Welcome to the Commission of Social Issues
The Social Issues Commission (SIC) seeks to facilitate dialogue, education, and engagement on all matters related to equity, identity, and anti-oppression. The SIC strives to foster a safer space for students, to connect students with resources, and to engage with and promote social justice and human rights issues on campus. You can apply to volunteer for any of the services or committees below!
Contact Lea Keren, the Commissioner of Social issues if you have any questions!
The AMS Food Bank serves confidential and non-judgmental food service to members of the Queen’s community to ensure they can be healthy and productive as they pursue academic achievement. Volunteers are responsible for staffing the food bank, as well as coordinating marketing, outreach, and fundraising events.
The Peer Support Centre is a student-run service that strives to provide a comfortable environment for students and enhance their well-being. Student volunteers provide welcoming, confidential, and empathetic peer-based support using active listening, resource referral, information guidance, and practical assistance in a one-on-one setting.
There are tons of underrated mini-libraries on campus full of reads that target a wide array of anti-oppressive topics such as: feminism, racism, cultural diversity, religion, mental health, ability, queer identity, etc. But because they’re underrated, and because they’re “mini”, it can be hard to access the books they house or even know which books are available.
Equity Reads is here to help! We are housing these free lending libraries online such that students looking to rent a book can have easier access to them.
You will find an exhaustive list of all the books available in the Social Issues Commission library, the ASUS Equity library, and the Education on Queer Issues Project (EQuIP)’s library.
Collective Reflections is a student-run, anti-oppressive publication that aims to showcase opinions, anecdotes, and any creative expressions on topics such as: feminism, race & ethnicity, ability & accessibility, sexuality and gender diversity, and mental health. Until 2013, Collective Reflections existed as five completely separate publications: HeadsUP, Queen’s Feminist Review, Outwrite, CultureSHOCK!, and Able. While these sections still maintain their identities as five sub-sections, the amalgamation aims to further encompass the intersectional nature of identity and the experiences that come with it.
In the Commission
The Projects and Outreach Deputy serves as a resource for collaboration and education both within the internal commission, as well as with the greater Queen’s and Kingston community. They pursue independent projects that contribute to progressing equity and social justice in the student experience with the support of the commissioner.
The Editor and Chief oversees the financial operations and projects of the Social Issues Commission publication “Collective Reflections” which includes sections: CultureSHOCK, OutWrite, Queen’s Feminist Review, HeadsUp!, and Able. They serve as a resource for committee members, and communicate updates between them and the Commissioner, as well as the publisher for Collective Reflections.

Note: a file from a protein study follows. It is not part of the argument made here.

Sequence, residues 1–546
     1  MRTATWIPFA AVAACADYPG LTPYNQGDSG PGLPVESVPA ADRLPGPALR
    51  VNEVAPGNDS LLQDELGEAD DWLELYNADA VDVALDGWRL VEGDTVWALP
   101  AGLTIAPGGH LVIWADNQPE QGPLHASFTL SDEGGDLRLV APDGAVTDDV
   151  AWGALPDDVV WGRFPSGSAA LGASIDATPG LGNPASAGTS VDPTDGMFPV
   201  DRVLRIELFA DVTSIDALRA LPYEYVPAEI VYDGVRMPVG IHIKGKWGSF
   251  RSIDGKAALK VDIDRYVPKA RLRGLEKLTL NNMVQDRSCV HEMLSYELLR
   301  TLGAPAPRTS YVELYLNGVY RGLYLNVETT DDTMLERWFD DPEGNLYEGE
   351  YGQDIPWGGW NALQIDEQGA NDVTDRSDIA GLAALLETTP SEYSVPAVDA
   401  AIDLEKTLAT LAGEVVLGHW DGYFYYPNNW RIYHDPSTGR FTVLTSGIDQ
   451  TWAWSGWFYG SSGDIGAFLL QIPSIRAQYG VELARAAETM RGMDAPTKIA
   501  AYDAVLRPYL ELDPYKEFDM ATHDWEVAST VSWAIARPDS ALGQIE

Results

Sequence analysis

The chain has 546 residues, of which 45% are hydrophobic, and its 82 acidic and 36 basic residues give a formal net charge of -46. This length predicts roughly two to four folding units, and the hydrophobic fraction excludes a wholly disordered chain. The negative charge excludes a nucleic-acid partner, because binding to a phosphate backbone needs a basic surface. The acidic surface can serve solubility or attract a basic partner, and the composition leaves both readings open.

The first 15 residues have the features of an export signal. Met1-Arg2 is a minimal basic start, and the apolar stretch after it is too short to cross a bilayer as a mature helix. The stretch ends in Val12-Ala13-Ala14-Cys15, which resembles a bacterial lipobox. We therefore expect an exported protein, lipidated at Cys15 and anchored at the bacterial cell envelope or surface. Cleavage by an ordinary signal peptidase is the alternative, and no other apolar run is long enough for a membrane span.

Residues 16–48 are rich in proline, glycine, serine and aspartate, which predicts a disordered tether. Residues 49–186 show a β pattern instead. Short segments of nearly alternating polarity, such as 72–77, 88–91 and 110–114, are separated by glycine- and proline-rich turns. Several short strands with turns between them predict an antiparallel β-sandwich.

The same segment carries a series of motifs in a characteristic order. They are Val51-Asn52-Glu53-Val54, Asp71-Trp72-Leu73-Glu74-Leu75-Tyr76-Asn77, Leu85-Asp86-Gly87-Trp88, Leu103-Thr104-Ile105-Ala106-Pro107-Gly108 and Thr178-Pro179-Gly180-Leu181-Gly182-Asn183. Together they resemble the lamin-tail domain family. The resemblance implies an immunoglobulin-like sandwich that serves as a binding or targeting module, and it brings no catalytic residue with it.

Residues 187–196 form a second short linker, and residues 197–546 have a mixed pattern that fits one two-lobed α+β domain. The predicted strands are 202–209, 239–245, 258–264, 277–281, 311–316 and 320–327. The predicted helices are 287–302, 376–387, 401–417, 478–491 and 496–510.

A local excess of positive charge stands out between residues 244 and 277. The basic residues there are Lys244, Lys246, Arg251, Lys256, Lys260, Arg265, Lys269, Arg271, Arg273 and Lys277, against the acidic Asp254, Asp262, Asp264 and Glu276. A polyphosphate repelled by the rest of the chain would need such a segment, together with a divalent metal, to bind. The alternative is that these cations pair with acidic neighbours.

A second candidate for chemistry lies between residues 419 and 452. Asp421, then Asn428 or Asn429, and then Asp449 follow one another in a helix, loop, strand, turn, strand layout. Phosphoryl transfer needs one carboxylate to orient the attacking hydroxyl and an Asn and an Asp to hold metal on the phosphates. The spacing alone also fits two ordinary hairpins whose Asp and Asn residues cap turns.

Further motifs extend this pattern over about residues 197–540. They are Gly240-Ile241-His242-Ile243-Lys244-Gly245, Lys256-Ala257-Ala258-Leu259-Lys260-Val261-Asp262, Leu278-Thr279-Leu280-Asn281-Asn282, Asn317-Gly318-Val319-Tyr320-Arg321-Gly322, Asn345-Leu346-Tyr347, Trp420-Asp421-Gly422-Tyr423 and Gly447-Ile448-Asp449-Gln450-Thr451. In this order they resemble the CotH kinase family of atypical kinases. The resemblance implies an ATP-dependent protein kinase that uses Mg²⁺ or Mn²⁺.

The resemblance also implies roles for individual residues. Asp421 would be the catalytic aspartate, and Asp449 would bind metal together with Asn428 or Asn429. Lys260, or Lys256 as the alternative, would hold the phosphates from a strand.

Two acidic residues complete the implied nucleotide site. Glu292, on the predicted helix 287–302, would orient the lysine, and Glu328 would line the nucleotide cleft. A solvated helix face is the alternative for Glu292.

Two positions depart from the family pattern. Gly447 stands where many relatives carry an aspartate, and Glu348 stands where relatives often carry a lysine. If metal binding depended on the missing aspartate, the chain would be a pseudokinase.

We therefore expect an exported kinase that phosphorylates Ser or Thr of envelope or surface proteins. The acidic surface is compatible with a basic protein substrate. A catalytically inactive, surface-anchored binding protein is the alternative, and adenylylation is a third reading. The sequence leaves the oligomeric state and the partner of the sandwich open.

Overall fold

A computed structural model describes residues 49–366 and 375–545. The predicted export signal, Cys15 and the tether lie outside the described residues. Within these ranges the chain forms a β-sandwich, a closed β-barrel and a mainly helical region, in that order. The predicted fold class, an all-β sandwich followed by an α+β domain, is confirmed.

The Education Deputy oversees the financial operations and projects of the Mental Health Awareness Committee, Education on Queer Issues Project Committee, and Performance Outreach for Students’ Social Engagement Committee. They serve as a resource for committee members, and communicate updates between them and the Commissioner.
The Indigenous Affairs Deputy is responsible for maintaining relationships with campus and community groups with advocacy for Indigenous rights in their mandate. They also undertake independent projects to further Indigenous awareness and activism on campus.
The Mental Health Awareness Committee (MHAC)‘s mission is to promote healthy discussion of mental health on campus and to fight the stigma associated with mental illness by educating the Queen’s community. The committee organizes various on-campus events to facilitate and promote this process.
Piggy For Change aims to explore the intersectionality of poverty with other identities including race and ethnicity, gender and sexuality, ability, age and location. The committee strives to use this understanding to educate the Queen’s community and advocate for change at every institutional level.
The Accessibility Queen’s (AQ) committee advocates for a more accessible campus for students with different abilities. The committee holds educational events throughout the year to teach students, faculty, and Queen’s administration about (dis)ability issues and the realities of ableism. AQ also spearheads cutting edge student projects to make student buildings more accessible.
CARED (Committee Against Racial and Ethnic Discrimination) is an anti-racist activist and educational committee that holds events throughout the year to discuss “Race,” Racism, and the effects of discrimination. The committee advocates for students that have encountered incidents of racism and discrimination and aims to fight oppression through education, lobbying, and by looking at the intersections of oppression.
The Education on Queer Issues Project (EQuIP) promotes education and action around queer issues locally, nationally and internationally, and works to create an environment that can truly be called a positive space for people of all sexual and gender identities. The committee works closely with campus and community groups in order to facilitate education, create awareness, and advocate for human rights.